Employee Rights in the U.S.: All That You Need to Know

Employee Rights in the U.S.: All That You Need to Know

Now that you have made the decision to live and work in the United States, you have a wide variety of secure employment options ahead.

The American employee-employer relationship is one of the most liberal in the world. This will be an upgrade for you if you’re coming from a relatively conservative nation with stricter employee rights and labor union regulations.

In the United States, you have the rights to:

  • No Discrimination & Harassment
  • Report Discrimination & Harassment
  • Combat Wrongful Termination
  • Equal Pay for Equal Skill, Effort, & Responsibility
  • Reasonable Accommodation
  • Privacy & Confidentiality
  • Minimum Wage, Leaves, and Overtime
  • Pensions & Welfare Benefits
  • Unionize

You would do well to accustom yourself to these different freedoms at your disposal.

No Discrimination & Harassment

Employees in the U.S. lean on Title VII of the Civil Rights Act (1964), which disallows discrimination against employees or prospective employees on the basis of race, religion, sex, gender identity, sexual orientation, disability, national origin, or pregnancy.

The Age Discrimination in Employment Act of 1967 further disallows discrimination against employees on the basis of older age (40+ years), given a workplace of 20 or more employees. This also applies to U.S. citizens working in an American company overseas.

So, no matter where you’re from, and however different you might be, make sure to use these rights to validate your personal gravitas in employed conditions.

Reporting Discrimination & Harassment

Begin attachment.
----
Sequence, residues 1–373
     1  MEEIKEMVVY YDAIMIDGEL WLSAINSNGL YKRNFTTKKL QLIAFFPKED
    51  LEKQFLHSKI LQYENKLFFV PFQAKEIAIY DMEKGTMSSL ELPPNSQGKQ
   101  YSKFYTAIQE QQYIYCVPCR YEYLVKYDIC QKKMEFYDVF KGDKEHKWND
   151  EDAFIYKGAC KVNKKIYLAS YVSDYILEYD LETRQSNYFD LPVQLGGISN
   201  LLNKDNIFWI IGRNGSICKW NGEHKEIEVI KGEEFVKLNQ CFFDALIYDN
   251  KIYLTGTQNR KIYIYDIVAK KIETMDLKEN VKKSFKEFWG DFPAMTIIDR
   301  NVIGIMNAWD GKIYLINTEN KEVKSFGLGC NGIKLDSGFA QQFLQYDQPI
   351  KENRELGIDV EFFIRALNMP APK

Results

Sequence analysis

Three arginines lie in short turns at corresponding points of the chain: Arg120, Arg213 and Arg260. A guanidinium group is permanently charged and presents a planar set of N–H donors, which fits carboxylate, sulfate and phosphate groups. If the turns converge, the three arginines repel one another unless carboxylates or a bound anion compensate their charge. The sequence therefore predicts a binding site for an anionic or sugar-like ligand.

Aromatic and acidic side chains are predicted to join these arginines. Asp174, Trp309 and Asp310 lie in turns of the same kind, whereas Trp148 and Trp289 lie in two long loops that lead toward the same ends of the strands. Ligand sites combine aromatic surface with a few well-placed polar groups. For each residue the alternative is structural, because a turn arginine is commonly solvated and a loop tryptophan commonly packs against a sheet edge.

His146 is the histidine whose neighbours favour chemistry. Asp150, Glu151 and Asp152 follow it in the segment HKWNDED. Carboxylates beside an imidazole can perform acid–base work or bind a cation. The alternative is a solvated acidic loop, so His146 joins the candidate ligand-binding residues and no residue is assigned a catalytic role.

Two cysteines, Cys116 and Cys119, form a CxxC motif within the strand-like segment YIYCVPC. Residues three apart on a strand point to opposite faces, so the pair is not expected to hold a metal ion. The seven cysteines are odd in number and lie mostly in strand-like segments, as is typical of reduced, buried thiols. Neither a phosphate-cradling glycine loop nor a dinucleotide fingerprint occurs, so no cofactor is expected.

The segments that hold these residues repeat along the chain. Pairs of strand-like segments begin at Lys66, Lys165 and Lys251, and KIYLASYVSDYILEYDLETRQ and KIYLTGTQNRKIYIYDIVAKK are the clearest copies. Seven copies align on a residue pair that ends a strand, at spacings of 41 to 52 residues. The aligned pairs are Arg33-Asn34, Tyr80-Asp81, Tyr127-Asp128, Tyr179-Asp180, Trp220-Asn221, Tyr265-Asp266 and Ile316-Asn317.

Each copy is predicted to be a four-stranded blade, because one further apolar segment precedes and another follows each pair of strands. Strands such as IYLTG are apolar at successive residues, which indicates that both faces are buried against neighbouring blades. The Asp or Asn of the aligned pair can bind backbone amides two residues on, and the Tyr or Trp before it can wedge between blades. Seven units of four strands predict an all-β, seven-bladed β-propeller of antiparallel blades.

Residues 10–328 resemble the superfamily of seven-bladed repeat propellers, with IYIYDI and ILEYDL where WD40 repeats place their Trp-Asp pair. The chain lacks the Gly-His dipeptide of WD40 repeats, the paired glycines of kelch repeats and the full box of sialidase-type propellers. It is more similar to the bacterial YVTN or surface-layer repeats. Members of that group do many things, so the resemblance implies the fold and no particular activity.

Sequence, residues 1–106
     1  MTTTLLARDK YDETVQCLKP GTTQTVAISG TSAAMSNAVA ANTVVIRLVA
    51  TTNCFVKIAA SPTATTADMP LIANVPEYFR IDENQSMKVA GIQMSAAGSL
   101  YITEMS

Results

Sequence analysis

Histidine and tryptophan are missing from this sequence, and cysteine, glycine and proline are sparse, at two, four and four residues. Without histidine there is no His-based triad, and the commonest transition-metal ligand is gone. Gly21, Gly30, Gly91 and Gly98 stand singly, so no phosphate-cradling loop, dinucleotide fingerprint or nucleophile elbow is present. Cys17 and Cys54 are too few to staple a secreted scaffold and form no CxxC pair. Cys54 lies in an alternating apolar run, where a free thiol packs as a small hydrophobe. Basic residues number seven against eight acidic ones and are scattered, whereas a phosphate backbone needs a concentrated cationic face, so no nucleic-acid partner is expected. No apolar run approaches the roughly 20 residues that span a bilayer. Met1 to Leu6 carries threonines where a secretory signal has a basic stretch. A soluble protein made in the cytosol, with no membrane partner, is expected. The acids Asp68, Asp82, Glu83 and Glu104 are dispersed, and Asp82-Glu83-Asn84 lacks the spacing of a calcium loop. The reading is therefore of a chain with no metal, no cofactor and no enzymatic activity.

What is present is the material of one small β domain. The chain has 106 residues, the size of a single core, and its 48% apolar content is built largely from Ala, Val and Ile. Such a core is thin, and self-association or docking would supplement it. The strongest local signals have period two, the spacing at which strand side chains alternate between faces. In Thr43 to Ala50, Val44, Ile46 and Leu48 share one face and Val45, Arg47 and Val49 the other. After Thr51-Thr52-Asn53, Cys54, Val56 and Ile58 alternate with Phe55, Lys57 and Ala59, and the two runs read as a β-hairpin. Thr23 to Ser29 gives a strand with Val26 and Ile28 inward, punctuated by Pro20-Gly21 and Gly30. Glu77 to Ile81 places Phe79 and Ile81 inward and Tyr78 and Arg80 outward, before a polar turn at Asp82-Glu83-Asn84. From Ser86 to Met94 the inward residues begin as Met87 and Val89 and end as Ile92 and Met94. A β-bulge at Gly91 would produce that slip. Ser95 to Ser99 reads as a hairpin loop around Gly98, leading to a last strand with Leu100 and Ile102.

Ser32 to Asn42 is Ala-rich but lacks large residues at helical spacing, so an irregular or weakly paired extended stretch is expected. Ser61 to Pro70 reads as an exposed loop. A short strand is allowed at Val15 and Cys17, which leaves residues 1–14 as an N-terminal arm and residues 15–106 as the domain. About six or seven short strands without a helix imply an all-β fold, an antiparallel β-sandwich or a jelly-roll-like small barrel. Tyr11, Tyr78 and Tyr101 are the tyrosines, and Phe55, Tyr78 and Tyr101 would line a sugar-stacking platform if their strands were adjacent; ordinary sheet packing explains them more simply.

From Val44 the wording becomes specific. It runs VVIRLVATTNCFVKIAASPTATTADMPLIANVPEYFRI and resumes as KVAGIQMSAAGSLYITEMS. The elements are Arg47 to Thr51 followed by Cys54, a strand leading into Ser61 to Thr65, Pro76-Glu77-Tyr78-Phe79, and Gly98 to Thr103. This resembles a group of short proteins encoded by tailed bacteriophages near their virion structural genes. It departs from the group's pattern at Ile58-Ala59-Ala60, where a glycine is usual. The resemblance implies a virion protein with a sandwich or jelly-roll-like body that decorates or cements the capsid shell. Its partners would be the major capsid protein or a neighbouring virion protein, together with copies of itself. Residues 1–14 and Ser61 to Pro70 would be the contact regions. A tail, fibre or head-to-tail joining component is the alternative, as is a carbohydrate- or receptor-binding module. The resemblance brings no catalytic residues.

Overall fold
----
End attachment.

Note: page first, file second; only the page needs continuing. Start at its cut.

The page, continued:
Employees are protected from retaliation in the event that they report discrimination or participate in a discrimination lawsuit against the employer. This “whistleblower right” gives power to the employee and ensures that positive action is taken. It also applies to employees who report hour and wage violations against the employer.

However dicey it may seem to get into a legal dispute with your employers, remember that you are protected from them by federal law. Don’t be afraid.

Combat Wrongful Termination

Since it is against federal civil rights laws to discriminate based on sex, gender identity, race, religion, age, and pregnancy, any at-will employee terminations done with discriminatory language and/or intent are illegal. Furthermore, any at-will termination in violation of an employee’s contract or in retaliation against an employee reporting illegal activity is also illegal.

As mentioned before, your employers have their hands tied due to the Civil Rights Act of 1964.

Equal Pay for Equal Skill, Effort, & Responsibility

Gender pay discrimination is a serious affair in the U.S. Employees are protected from their employers discriminating against them based on gender through the Equal Pay Act of 1963. This is based on employees receiving equal pay to co-workers of the opposite sex based on equal skill, effort, and responsibility under similar working conditions. Of course, pay differences due to seniority and company merit systems are legal.

Furthermore, the pay is naturally subject to individual employee contracts, so make sure to read your negotiated contract before suing employers for gender pay discrimination. This law doesn’t apply outside the U.S., however. So, if you’re an American citizen who works overseas, you cannot invoke it.

Reasonable Accommodation

If you are an employee who has special religious reasons to dress or publicly present yourself in a certain way, you are allowed to do so under the reasonable accommodation derived from Title VII of the Civil Rights Act of 1964. Also, under the Americans with Disabilities Act of 1990 (ADA), employees with disabilities must be given reasonable accommodations, unless their condition causes the employer significant expense and undue hardship.

If you are of that inclination, make sure to make the most of your unique religious-cultural identity. Do not be shy in asserting your differences, as you are allowed to, within reasonable accommodation, by law.